The Study of Classical Hebrew Poetry: Parallelism
I believe Michael O’Connor coined The Standard Description of Hebrew Poetry as a label for the basic framework by which most contemporary scholars analyze Hebrew poetry. This method has two basic components – parallelism and meter – which are combined to analyze the structure of a poem, ie versification, stanzas, etc. In this post I will give a brief survey of parallelism, leaving meter for another post.
The modern history of parallelism conventionally begins with Bishop Robert Lowth (De Sacra Poesi Hebraeorem Praelectiones Academicae, 1753 translated into English as Lectures on the Sacred Poetry of the Hebrews, 1815, and more systematically presented in the introduction to his commentary on Isaiah). As O’Connor remarks, Lowth is not to be credited with the discovery of parallelism itself, rather his contribution is in developing the connection of parallelism to poetic meter and versification. Lowth is also credited with coining the term parallelismus membrorum (parallelism of members). Lastly, Lowth’s work led to the recognition that the prophets also wrote in poetry, thus the corpus of Biblical Poetry was not limited to the Psalms.
Lowth assumed that Hebrew poetry had meter, but that its exact nature had been lost with the ancient pronunciation. However, the building block of Hebrew poetry was what he called the “sentential form”, that is, a unit of poetry usually corresponds to a simple sentence. This is then followed by one or more parallel sentences of equal length which either repeat, vary, or amplify the same idea, each member in the first unit having a complement in the following ones naturally creating a metrical cadence. Lowth further defines three basic types of parallelism: synonymous, antithetic, and synthetic.
This forms the basis for the Standard Description. Hebrew verse is analyzed as groups of lines (or better, cola) which are further subdivided into member units based on the parallelism across cola. For instance, Is 40:3:
|מְסִלָּ֖ה לֵאלֹהֵֽינוּ||בָּעֲרָבָ֔ה||יַשְּׁרוּ֙||דֶּ֣רֶךְ יְהוָ֑ה||פַּנּ֖וּ||בַּמִּדְבָּ֕ר||ק֣וֹל קוֹרֵ֔א|
This verse is a bicolon (“A voice cries” seems to be outside of the poetic structure, at least based on the parallelism). The two cola are identified by their constituent parallel elements, which do not continue into Is 40:4. The parallelism is synonymous since each member in the first colon has a synonym in the second. Note that these members are not necessarily in the same order, nor is a member necessarily comprised of a single word.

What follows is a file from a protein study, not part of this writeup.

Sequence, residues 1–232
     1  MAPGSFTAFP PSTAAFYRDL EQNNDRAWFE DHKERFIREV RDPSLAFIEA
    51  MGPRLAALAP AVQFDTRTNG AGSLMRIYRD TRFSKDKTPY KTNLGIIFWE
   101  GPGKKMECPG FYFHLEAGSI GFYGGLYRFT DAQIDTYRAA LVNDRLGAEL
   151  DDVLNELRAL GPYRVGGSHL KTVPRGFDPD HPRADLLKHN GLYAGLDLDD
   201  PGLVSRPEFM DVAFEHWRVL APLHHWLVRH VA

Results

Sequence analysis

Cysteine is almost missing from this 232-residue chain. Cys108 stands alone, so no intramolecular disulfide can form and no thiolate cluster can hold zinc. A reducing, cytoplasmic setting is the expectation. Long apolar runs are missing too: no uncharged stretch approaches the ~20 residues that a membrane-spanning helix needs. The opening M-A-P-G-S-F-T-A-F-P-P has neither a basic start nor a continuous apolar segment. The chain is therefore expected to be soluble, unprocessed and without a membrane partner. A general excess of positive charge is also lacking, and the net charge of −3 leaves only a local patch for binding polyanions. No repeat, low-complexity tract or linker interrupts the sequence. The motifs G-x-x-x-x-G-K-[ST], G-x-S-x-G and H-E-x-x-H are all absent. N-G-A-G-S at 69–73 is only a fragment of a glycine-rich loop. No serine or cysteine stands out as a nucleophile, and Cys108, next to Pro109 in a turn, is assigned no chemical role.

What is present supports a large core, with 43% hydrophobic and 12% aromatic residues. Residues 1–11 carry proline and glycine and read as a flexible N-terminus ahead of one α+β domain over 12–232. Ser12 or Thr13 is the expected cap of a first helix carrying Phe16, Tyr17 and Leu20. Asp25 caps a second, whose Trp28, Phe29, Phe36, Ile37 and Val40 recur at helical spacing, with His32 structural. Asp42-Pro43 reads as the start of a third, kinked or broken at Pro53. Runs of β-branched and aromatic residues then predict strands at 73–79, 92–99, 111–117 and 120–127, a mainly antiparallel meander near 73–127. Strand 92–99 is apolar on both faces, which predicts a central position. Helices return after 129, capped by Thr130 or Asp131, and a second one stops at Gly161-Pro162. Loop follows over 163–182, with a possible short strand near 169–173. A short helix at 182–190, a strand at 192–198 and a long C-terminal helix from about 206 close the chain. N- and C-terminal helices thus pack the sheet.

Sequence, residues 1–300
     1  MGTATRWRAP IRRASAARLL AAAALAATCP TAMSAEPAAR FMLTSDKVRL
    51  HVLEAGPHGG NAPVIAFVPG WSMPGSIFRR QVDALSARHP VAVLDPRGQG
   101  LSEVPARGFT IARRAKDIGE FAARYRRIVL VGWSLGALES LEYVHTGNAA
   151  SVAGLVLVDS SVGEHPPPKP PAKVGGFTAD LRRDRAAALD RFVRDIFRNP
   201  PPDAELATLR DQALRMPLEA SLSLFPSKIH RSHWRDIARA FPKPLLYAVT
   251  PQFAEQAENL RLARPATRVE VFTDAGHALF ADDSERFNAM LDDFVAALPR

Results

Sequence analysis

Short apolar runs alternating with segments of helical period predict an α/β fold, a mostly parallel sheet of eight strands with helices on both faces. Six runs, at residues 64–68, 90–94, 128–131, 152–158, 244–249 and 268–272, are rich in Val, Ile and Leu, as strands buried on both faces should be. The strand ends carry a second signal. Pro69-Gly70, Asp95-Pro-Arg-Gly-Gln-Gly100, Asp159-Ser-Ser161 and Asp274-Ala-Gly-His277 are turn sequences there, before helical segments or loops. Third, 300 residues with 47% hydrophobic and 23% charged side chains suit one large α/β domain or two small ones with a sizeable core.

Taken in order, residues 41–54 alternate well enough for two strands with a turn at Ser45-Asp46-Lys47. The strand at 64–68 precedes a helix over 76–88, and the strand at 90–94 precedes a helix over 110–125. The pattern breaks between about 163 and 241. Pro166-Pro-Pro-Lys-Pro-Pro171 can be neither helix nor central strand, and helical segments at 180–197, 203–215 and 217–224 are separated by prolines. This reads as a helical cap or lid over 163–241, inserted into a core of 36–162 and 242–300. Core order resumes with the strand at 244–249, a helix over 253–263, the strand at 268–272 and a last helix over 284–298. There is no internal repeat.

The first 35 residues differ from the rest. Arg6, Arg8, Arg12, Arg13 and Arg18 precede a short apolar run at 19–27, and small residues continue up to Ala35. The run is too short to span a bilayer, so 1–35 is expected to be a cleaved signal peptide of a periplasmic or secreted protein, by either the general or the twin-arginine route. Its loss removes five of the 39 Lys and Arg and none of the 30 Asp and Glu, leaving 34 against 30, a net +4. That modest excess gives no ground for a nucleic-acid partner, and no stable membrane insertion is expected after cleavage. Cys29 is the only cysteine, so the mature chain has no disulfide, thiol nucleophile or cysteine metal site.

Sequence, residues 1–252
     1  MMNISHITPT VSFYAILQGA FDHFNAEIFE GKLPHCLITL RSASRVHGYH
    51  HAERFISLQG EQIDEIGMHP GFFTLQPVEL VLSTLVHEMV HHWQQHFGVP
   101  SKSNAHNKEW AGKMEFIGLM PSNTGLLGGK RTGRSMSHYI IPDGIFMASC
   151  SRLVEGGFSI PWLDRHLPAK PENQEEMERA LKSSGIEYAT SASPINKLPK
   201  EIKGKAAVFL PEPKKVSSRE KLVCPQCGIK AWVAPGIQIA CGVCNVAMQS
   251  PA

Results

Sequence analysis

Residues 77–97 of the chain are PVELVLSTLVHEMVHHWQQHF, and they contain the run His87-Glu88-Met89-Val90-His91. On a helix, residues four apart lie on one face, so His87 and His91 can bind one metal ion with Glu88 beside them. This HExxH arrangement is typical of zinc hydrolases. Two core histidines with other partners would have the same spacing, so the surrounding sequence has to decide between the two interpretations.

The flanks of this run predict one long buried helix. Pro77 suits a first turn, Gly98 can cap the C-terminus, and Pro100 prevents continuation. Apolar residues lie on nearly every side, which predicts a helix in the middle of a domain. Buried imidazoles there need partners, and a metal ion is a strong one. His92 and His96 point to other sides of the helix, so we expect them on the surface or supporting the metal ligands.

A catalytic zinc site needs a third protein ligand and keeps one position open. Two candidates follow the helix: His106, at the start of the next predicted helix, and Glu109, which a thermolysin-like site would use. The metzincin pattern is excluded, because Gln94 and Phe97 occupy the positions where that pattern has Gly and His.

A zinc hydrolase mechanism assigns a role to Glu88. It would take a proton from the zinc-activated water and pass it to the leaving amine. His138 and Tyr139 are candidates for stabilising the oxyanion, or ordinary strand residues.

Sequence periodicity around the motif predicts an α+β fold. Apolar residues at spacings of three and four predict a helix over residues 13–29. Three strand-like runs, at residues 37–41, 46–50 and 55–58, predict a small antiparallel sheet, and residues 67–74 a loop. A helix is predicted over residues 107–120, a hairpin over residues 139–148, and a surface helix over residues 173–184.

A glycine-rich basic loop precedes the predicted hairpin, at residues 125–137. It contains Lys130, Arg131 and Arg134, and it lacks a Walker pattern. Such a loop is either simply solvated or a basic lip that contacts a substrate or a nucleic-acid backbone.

George Buchanan Gray (The Forms of Hebrew Poetry, 1915) agreed basically with Lowth that Hebrew poetry contained meter, but that no system to his time described such meter satisfactorily. Building from Lowth, he pointed out that while the first two categories of parallelism are straightforward, the last (synthetic) had become a catch-all for any parallel element other than a simple synonym or antonym. He also added the category of incomplete parallelism, in which an element in one colon has no exact parallel in the second. For instance, Is 60:2:
Again, based on the parallelism, it appears that “For behold:” is outside of the poetic structure. Notice how the b-element (“shall cover”) has no complement in the second colon (this is also called ellipsis or gapping in the current literature). It should also be noted that Gray is the one who introduced the system of using letters (a.b.c. || a’.b’.c’) to mark the parallel members.
As is often the case in scholarship, later scholars have multiplied or modified Lowth’s categories of parallelism. Thus you will find reference to climactic parallelism, stair-step parallelism, etc. James Kugel has argued against the idea of simple synonymous parallelism, suggesting instead that the second parallel element always builds or adds to the first, and is never merely symmetrical.
Advances in the science of linguistics have also influenced the study of parallelism. The pioneer was Roman Jakobson (see Selected Writings: Poetry of Grammar, Grammar of Poetry, 1981), who states succinctly that “the poetic function projects the principle of equivalence from the axis of selection to the axis of combination”. Jakobson sees the hallmark of poetry to be the organization of language on all levels – phonetic, morphological, syntactical, lexical, phraseological – into characteristic types of patterns. Thus he saw parallelism in Hebrew poetry not as an oddity, but as the syntactic counterpart to regular metrical patterns.
Jakobson’s influence can be seen in the work of Adele Berlin (The Dynamics of Biblical Parallelism, 1985) who seeks to move beyond Lowth’s static categorization to describe the ways the different levels of language interact. Edward Greenstein, Terrence Collins (Line-Forms in Hebrew Poetry, 1978) and Michael O’Connor (Hebrew Verse Structure, 1980) have also analyzed parallelism at the level of syntax.
Lastly, Kugel’s discussion of parallelism came in the context of the argument that parallelism is not the defining feature of Biblical poetry, that poetry cannot be so easily distinguished from prose, and therefore that poetry itself is not a useful category for describing Biblical literature. He argues that poetry has no perceptible meter distinct from prose, that many so-called poems have weak or no parallelism, and that prose writers make use of parallelism as well. However, Jakobson considered poetics to be a function of all language, thus it should not be surprising to find poetic structures in prose. Thus, it seems to be an overstatement to argue against a category of Biblical poetry. However, what has resulted from Kugel’s criticisms is greater recognition of a continuum from prose to poetry.